Cary, Shep, Bill, and Francis are pilots who have just, and only just, survived the First World War. They linger in Europe in the aftermath, drinking and ostensibly having fun, but pessimistic and flip about their futures, as each feels himself somehow lost and dead inside as a result of the horrors he's experienced. They encounter a beautiful and vivacious girl, Nikki, and adopt her, not romantically but as a sort of mascot and light around which they can hover in hopes of regaining a sense of warmth and life. Nikki does her best to reinvigorate her new friends, but despite the seeming lightheartedness of their escapades, the shadow of the war can never be dispelled.Written by
Jim Beaver <firstname.lastname@example.org>
Richard Barthelmess, Helen Chandler, David Manners, Elliott Nugent, and John Mack Brown star in this excellent psychological war drama directed by William Dieterle about a handful of WWI veterans who do nothing but drink booze and run around Paris with flapper, Nikki (Chandler, in an elegant and moving performance).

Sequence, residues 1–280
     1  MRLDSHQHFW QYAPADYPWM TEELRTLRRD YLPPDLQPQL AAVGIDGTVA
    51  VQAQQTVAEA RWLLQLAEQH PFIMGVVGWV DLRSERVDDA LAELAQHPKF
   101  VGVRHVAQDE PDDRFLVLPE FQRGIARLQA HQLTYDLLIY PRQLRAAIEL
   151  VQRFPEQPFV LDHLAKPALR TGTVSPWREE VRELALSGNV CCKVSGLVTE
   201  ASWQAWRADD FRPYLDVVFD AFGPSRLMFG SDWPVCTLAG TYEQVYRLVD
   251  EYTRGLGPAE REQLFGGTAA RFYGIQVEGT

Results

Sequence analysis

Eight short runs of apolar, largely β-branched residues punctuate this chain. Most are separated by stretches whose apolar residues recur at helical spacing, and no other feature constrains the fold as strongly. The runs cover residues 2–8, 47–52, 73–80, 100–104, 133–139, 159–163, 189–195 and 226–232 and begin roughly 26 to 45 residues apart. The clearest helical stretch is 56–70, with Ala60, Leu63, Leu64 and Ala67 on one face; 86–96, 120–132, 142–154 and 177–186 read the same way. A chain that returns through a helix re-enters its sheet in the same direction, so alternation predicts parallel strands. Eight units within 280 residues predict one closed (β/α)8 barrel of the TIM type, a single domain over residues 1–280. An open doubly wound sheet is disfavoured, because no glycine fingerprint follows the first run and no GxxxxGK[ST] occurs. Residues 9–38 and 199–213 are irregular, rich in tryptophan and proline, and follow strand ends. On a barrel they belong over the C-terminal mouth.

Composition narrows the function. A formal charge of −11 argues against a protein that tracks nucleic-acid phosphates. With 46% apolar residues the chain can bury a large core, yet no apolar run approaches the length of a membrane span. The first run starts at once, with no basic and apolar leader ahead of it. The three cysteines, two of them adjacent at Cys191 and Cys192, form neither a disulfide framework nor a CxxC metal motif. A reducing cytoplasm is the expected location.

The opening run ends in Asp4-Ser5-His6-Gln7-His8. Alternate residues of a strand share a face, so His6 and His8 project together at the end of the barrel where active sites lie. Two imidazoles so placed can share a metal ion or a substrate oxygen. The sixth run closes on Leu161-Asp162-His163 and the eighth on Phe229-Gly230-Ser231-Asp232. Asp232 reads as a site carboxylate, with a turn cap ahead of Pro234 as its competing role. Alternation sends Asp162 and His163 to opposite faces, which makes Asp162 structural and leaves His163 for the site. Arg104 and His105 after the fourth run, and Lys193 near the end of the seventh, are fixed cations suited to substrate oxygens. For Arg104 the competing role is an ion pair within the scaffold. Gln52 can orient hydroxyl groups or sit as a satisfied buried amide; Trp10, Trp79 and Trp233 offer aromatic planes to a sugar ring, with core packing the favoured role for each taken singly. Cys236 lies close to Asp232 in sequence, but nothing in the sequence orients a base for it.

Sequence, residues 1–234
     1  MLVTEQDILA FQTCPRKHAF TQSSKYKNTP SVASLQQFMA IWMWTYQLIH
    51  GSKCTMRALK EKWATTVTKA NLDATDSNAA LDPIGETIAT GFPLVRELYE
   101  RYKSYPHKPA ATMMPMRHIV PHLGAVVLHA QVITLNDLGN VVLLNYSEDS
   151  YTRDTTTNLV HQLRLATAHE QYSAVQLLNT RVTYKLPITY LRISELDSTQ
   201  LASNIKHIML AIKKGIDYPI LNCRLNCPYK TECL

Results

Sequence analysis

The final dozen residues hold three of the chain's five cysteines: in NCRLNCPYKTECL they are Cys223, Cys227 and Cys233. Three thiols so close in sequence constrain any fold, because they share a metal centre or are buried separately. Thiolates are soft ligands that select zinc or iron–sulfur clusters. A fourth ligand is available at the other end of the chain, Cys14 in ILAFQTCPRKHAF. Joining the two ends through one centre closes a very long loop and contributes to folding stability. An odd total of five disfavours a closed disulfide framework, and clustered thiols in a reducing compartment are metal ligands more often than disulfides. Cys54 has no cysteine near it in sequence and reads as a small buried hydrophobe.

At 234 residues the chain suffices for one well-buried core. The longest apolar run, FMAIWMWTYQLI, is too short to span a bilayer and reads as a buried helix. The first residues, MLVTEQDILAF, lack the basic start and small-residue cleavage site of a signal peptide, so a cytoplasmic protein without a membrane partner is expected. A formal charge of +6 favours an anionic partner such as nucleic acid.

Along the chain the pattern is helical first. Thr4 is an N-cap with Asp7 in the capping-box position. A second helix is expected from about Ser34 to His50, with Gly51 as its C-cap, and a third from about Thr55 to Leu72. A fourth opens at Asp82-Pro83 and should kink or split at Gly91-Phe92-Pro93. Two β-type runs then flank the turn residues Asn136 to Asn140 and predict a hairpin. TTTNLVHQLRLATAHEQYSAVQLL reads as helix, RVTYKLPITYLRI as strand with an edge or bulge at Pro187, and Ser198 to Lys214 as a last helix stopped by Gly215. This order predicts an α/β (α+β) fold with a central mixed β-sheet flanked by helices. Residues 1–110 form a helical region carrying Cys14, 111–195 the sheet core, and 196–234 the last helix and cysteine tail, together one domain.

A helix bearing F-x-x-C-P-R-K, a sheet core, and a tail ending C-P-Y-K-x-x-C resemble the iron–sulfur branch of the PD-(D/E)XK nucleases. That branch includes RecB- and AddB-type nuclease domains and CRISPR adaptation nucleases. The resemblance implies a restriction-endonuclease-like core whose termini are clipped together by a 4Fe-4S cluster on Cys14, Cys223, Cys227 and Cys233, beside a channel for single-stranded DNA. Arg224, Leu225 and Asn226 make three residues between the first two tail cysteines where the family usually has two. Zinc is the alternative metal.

What makes this film so special is that it's mood of despair of hopelessness has held up very well over all these years. Plus, the movie's bleak atmosphere and subject matter helps. Sometimes the performances (David Manners) and dialogue comes off as a little dated, but that is to be expected from a movie this old. It is very easy to overlook; and that is really the only bad thing about the movie.
It's a shame that this movie isn't released on DVD or even VHS (thank goodness for TCM). It's a real forgotten gem of early 1930's cinema that hopefully won't remain forgotten for long.
**** out of ****
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